Arrow builds Super Bowl image campaign from Legos and paper airplanes

Publication: The Denver Post

A company that sells electronic parts used in lights, robots and spaceships, tackles TV’s biggest sporting event.

When massive Arrow Electronics hired a small River North production firm to make a commercial, Colorado’s largest public company never mentioned Super Bowl 50.

The five-person Elevation Digital Media found out only three weeks ago that its 30-second spot featuring Legos and a paper airplane will air during Sunday’s game.

“We were only thinking we’re making videos to go on their website,” said Chris Lewis, Elevation’s co-founder and creative director. “But we thought let’s treat each (video) for Arrow like it could be a Super Bowl ad. Arrow never said anything about this going on television.”
Arrow, ranked No. 131 in Fortune 500’s list of top U.S. firms by revenue, has never had a Super Bowl TV commercial. But the company, which sells and distributes small electronic parts used to help airplanes fly and spaceships take off, has been investing in recognition, be it ads or new ventures, like partnering with local incubator Innovation Pavilion to help startups.

“Arrow is one of the biggest companies you’ve never heard of,” said Hugo Meyer, Arrow’s global brand director who worked directly with Elevation on the video project. “We’re working to change that.”

Arrow’s first Super Bowl commercial comes after nearly three years of TV ads during major sports events, starting with the NCAA Final Four games in 2013 and more recently, “Sunday Night Football” and “Monday Night Football.”

“We find that those events, those sporting events, the audience is made up of a lot of key decision-makers over many of our customer sets,” Arrow’s vice president of global communication, John Hourigan, said. “We find it very useful to get our message across to an audience that is representative across customers, suppliers, current employees and potential employees.”

In Sunday’s 30-second spot, which will be seen only in the Denver market, a contraption made entirely of Lego components folds a piece of paper into an airplane and launches it into white space. Arrow’s slogan “Five Years Out” fades in then fades out.

“We wanted to do something that gets people’s attention without being too literal,” Meyer said. “We could have shown planes and different things, but this was just a really fun way of expressing one of our focuses.”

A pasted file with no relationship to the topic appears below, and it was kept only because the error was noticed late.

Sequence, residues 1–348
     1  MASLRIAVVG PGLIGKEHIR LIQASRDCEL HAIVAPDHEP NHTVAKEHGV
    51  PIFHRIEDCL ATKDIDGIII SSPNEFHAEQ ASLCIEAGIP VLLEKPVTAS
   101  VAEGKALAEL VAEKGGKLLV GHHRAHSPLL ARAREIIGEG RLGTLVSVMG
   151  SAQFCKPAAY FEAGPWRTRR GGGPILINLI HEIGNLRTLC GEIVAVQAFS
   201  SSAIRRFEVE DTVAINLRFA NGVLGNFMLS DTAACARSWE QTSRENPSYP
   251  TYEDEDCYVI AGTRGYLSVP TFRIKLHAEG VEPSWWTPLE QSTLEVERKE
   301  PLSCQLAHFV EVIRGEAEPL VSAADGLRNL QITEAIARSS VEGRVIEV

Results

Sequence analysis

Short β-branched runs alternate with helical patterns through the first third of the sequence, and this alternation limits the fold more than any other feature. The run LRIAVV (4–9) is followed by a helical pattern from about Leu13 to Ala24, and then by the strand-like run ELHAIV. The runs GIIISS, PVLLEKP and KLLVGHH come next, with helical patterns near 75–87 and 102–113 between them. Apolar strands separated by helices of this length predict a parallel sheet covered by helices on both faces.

Other than a smidge of guidance to show its innovation, Arrow just let Elevation run.

“The problem with Arrow is they wouldn’t tell us about their business,” Lewis said. “We’d ask them ‘Tell us what you want,’ and they said, ‘It’s better we don’t. We want to hear your interpretation.’ ”

Arrow hired Elevation last year to create 10 videos to familiarize customers and potential customers with industries Arrow operates in, from lighting and security to transportation and aerospace (most are at

By July, Elevation was ready to tackle aerospace. Brainstorming began. Arrow doesn’t build airplanes. And it doesn’t house rocket ships.

“What they have is all these little components. And without those, these things don’t get built,” Lewis said to his team.

That led to Lego, the idea of a paper airplane maker and launcher, and hunting down Arthur Sacek, one of the best Lego builders in the world. He lives in Brazil.

“I’m anticipating this person is going to hang out with us for the entire month of July. He says, ‘Can you just book me for seven days in Colorado? I’m going to finish the project in five. And I’d love for the other two days, if you would take me around the great state of Colorado. That would be enough,’ ” Lewis said.

Sacek finished the Lego contraption, dubbed “Arthur Jr.,” in four days. The video was filmed on the fifth.

“I took him hiking in Boulder and then for a milkshake. He’d never had one before. And to the Viewhouse downtown,” Lewis said.

Little was changed. The one input Arrow offered: “Can we use some red Legos?” Meyer said.

On the day Sacek headed home, Lewis brought up the issue of payment.

“He said, ‘My wife gave a list of some things she wants from Walmart.’ So we spent the afternoon at Walmart on a shopping spree,” Lewis said.

And although Sacek never asked for money, Lewis said they sent him a check anyway.

Arrow also bought 30-second spots in New York, San Francisco, Minneapolis, Phoenix and Reno, Nev. Those markets will see the SAM car ad, featuring Sam Schmidt, a former Indy racer who was left quadriplegic by a 2000 crash. Arrow built a car he controls with his mouth.

The company, which posted $5.7 billion in third-quarter sales and reports year-end results Thursday, doesn’t need the Super Bowl, said Brian Alexander, managing director at Raymond James Financial.

But, he said, Arrow’s hometown team, the Broncos, is in the Super Bowl and “perhaps this is more about the employee base and recruiting than it is about driving more customers and more business.”

Arrow employs 1,700 people in metro Denver and 17,000 globally.

While the campaign’s goal is to reach existing and potential customers, suppliers and employees, focusing on innovation has expanded the audience.

“When we did the Innovator’s Club and other spots, we had unsolicited e-mails from teachers across the nation asking, ‘Is it OK for me to use your commercials in our classroom?’ ” Hourigan said. “In terms of potential audience sets, you can throw teacher in there too.”

Arrow Super Bowl ad by the numbers:

500 — Sheets of paper to make paper airplanes

4,000+ — Number of Lego pieces

4 — Days to construct

5 — Hours of filming

2,000 — Dollars worth of Lego pieces

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